Competitive Bioblitzing (how bad an idea?)

I like that idea. Categories so both casual users and fanatics can compete if they want to.

Honestly I think if I wanted to make that list I’d need @graysquirrel to help, and she plans to compete, so…

I agree, but that’s unfortunately not legal within the park without a research permit, and we couldn’t get one that would allow for this.

I agree, and while most of what I do is newbie focused, this would really be more for people who already know that you don’t mess around with anything that affects data quality.

One blitz, two blitz, red blitz, blue blitz? I prefer one blitz, two blitzen.

Agreed! This is all a ploy to get experienced naturalists to come to the park and tell us what is living where. And for those who want to do so on a non-competitive basis, free passes and warm welcomes are available. Just let me know when you are coming.

An interesting idea! I guess one potential downside would be that (as much discussed on this forum) the application of captive/cultivated is often slippery in particular cases. How do you know this is the same tree planted here in 1893, and not its offspring? That dog escaped from its owner, and sure it still has a collar on, but it has been loose in the campground for days. Etc.

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Oh, gee… now I’m worried about the dog. Was it dumped? Lost? If this is a real life situation, isn’t there an animal rescue group that could capture it?

I like dogs, but I don’t think dogs are very conducive to wildlife preservation. :confused:

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Sorry, just a made up example. We did have a big overly friendly dog loose for days but only because its owners wouldn’t keep tabs on it. They took it home when they left. We also had someone dump a couple of young peafowl in the park, and those had to be rescued and relocated.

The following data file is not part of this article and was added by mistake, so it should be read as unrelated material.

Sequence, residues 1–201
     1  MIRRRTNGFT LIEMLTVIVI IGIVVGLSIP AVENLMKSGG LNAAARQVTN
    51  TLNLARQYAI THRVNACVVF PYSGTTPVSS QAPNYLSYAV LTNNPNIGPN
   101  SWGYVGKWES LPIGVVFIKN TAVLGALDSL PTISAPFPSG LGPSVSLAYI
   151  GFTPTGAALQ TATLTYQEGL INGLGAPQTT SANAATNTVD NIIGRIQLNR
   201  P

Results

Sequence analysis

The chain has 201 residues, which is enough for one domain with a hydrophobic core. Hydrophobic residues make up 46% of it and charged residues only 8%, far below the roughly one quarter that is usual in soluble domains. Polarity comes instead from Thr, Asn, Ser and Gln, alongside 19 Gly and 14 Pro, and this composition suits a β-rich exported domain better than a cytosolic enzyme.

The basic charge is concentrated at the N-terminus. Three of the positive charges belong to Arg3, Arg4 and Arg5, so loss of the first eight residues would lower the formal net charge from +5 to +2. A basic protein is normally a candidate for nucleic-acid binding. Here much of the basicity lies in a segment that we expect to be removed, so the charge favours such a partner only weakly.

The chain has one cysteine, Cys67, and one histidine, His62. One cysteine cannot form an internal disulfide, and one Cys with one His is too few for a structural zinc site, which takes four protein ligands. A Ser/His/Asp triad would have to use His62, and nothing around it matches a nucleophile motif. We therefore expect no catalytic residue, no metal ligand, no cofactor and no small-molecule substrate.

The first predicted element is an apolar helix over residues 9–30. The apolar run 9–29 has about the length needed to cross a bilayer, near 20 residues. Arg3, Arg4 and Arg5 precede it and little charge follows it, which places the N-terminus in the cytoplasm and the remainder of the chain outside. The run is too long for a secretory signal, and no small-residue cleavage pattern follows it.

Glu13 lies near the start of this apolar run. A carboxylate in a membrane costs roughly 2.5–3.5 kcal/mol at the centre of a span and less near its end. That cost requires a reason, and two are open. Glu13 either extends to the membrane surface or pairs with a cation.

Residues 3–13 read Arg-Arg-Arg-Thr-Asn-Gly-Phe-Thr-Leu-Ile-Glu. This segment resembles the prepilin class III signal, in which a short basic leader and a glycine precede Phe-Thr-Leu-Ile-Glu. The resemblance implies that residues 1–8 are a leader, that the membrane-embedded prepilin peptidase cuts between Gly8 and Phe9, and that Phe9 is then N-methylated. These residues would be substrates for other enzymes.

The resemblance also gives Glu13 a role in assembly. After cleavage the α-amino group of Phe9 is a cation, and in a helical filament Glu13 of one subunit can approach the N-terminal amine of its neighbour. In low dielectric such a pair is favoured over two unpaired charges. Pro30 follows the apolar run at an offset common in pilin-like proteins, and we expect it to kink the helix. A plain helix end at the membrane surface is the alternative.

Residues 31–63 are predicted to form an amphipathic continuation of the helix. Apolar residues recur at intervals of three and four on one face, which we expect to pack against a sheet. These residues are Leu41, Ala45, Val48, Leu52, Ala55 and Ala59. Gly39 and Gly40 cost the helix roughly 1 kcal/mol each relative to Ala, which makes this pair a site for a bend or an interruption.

Dogs are allowed along the road and in the campground but not on the trails.

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I agree this format is best for more experienced users, but if there are teams mixing newer users with more experienced folks is a great way to teach people to use iNat and get them excited. I’ve done this with non iNat blitzes, and the less experienced folks often end up making just as many cool finds as the vets.


Ha I would prefer not to get into that debate right now. It would come down to the opinion of whoever’s scoring I guess. I doubt I bioblitz for a short period of time would encounter to many gray area observations, if at all.

Agreed. I want to avoid that debate too, and even though it isn’t likely to come up, I plan to avoid the question entirely.

One of the rules I’m considering is extra points for species a user hasn’t observed before. This gives experienced naturalists an incentive to have an inexperienced (or from another region) member on their team.


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